To support its jobs claim, the government should have given details, including where the jobs are located, Orji said.
“Ideally, it is the National Bureau of Statistics that should verify and present the numbers from the programme,” he said. But the national data agency does not have any role in the programme including verifying jobs, Dr Isiaka Olanrewaju, the agency’s director of household statistics, told Africa Check.
According to the most recent data, some 55.4% of Nigerian youths between ages 15 to 35 are underemployed or unemployed. This translates to 24.5 million youth who are doing in-between jobs, or have nothing to do.
According to the most recent official data, some 43.1% of all Nigerians, or 39.14 million, are either unemployed or underemployed. These numbers, from the third quarter of 2018, are the most recent yet.
In the absence of publicly available data showing how the 2 million jobs supposedly created by N-Power are distributed, we rate this claim as unproven.
Nigeria’s statistics bureau counts anyone living on less than US$2 a day as poor, and as extremely poor if they live on less than $1.25 a day.
The most recent nationally representative survey of poverty was in 2009/10. For this, the National Bureau of Statistics drew the absolute poverty line at N55,235 per person per year, with 62.6% of Nigerians (102.2 million) falling into this category.
In a preceding survey in 2003/04, some 64.2% of Nigerians were classified as absolutely poor, with the poverty line drawn at N28,837.
There have been more recent attempts at estimating absolute poverty in Nigeria. In June 2018, US-based Brookings Institute caused a stir in Nigeria after it said that the country had overtaken India as having the largest number of people living in extreme poverty.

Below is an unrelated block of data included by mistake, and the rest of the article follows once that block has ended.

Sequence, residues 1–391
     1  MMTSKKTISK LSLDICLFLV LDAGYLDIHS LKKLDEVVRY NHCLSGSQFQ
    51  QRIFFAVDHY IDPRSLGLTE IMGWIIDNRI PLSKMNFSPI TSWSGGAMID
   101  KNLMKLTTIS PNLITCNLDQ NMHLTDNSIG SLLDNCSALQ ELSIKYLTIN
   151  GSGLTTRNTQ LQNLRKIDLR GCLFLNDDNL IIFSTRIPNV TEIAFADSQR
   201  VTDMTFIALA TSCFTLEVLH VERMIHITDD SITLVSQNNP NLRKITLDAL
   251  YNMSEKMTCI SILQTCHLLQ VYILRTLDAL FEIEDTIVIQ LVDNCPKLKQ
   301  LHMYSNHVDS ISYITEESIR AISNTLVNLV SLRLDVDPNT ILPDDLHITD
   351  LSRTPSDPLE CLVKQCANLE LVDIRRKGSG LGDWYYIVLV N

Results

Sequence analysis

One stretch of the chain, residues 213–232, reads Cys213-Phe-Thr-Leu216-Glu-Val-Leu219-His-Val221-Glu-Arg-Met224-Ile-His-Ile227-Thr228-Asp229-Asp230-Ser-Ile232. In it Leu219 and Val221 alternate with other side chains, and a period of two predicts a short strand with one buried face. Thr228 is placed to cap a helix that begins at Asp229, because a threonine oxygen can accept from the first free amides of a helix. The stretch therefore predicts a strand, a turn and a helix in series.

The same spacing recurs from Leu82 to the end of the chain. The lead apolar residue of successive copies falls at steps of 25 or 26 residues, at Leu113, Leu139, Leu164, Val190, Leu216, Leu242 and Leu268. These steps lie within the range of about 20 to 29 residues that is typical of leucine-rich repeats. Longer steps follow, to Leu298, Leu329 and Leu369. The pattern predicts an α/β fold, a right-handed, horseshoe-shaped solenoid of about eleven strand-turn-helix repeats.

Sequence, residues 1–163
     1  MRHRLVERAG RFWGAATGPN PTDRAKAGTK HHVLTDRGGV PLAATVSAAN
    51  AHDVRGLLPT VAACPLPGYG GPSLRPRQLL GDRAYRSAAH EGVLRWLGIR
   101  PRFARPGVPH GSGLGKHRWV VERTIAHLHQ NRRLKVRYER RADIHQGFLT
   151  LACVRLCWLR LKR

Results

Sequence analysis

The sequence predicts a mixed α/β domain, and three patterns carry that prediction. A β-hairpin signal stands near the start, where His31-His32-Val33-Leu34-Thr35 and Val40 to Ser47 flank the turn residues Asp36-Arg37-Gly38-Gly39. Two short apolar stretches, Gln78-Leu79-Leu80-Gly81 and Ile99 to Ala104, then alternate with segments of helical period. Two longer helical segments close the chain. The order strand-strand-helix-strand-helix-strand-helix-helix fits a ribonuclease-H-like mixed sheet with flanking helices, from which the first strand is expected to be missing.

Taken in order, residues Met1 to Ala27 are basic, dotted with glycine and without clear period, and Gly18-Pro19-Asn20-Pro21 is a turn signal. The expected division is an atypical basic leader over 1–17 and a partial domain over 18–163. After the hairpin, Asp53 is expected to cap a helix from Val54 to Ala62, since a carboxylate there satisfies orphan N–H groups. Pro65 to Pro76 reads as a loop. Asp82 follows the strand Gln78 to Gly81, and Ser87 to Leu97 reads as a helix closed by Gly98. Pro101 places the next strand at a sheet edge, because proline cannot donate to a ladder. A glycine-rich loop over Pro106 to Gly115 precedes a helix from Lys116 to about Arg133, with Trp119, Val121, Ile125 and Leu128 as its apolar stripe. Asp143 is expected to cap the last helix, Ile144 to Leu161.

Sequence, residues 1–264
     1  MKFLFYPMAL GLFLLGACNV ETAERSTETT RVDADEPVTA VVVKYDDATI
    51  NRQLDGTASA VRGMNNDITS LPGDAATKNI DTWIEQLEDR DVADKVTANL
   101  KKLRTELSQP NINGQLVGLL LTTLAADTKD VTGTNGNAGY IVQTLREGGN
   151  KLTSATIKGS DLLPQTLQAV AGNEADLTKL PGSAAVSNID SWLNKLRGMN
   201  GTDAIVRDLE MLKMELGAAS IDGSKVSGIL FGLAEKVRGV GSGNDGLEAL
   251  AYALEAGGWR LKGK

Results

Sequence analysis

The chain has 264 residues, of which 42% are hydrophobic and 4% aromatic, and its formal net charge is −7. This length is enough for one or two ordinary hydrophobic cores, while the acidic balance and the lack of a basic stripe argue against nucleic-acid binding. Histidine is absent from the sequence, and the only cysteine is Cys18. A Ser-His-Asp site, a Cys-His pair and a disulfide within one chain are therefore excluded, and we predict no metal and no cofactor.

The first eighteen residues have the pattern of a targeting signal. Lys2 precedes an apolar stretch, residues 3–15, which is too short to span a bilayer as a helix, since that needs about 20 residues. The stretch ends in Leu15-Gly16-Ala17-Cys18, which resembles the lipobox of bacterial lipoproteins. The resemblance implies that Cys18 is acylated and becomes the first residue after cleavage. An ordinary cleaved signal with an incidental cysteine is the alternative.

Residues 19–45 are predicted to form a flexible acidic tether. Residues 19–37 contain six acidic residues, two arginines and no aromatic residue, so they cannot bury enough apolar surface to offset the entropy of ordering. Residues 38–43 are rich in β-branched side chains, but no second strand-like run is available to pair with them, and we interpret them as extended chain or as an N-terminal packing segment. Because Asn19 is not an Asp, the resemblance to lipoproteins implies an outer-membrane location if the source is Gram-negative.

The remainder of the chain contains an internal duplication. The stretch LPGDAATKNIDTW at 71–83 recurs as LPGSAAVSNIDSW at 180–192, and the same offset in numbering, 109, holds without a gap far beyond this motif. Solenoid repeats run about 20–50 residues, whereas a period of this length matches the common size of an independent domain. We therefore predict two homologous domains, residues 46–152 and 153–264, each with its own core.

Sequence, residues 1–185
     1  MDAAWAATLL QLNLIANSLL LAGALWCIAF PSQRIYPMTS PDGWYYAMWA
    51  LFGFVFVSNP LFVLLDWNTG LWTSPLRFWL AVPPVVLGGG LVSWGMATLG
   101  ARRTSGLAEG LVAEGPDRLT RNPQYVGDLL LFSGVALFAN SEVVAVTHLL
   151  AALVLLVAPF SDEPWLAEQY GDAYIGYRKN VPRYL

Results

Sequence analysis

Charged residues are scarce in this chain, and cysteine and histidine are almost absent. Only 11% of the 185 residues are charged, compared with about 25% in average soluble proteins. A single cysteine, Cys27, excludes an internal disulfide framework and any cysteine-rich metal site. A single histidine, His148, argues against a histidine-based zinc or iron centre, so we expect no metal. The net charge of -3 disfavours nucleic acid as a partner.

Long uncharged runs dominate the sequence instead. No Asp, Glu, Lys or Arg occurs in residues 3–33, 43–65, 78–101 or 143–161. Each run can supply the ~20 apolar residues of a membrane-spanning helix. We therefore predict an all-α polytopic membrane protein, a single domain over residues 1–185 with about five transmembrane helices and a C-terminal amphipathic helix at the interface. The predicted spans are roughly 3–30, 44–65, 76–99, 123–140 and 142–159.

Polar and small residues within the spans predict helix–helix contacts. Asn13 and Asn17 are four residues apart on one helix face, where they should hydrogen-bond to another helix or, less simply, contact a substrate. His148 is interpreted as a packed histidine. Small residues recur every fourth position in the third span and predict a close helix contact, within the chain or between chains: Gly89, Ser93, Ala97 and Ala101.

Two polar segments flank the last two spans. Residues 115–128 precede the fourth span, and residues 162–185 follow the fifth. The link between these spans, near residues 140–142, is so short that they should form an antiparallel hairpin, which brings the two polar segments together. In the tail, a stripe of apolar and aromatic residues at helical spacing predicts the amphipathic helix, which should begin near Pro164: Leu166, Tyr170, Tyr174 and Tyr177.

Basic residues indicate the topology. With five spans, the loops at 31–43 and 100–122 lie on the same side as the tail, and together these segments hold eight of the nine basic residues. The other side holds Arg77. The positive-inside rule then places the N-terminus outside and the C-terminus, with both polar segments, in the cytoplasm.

Brookings Institute said there were 87 million such Nigerians in May 2018. In August 2019, this had risen to 94.1 million. The researchers used the UN’s definition of extreme poverty. This is anyone earning less than $1.90 at 2011 internationally adjusted prices, Kristopher Hamel, the CEO of World Data Lab, which calculates the data, told Africa Check in 2018. (Note: You can read more about its approach here.
‘Officials should produce evidence’
An expert told Africa Check that without open numbers the claim that N-Power has lifted 5 million Nigerians out of extreme poverty is difficult to verify. Dr Olukemi Lawanson, an associate professor of labour and development economics at the University of Lagos said that the government should produce the evidence to support its position.
“If the N-Power programme has yielded about 500,000 jobs for graduates, it does not seem likely to me that those jobs could have resulted in lifting up to 5 million Nigerians out of extreme poverty,” Lawanson told Africa Check.
“But then it is possible depending on the kind of jobs and how much they pay. The government should present the facts to prove it.”
Lawanson said that if, for instance, a graduate gets a job paying the recently approved minimum wage of N30,000 monthly, they are not likely to be above extreme poverty if they support at least one person, which is usually the case.
“Earning N30,000 in a month comes down to living on about $3 in a day for one person. When you add dependants to it, they all remain in extreme poverty.”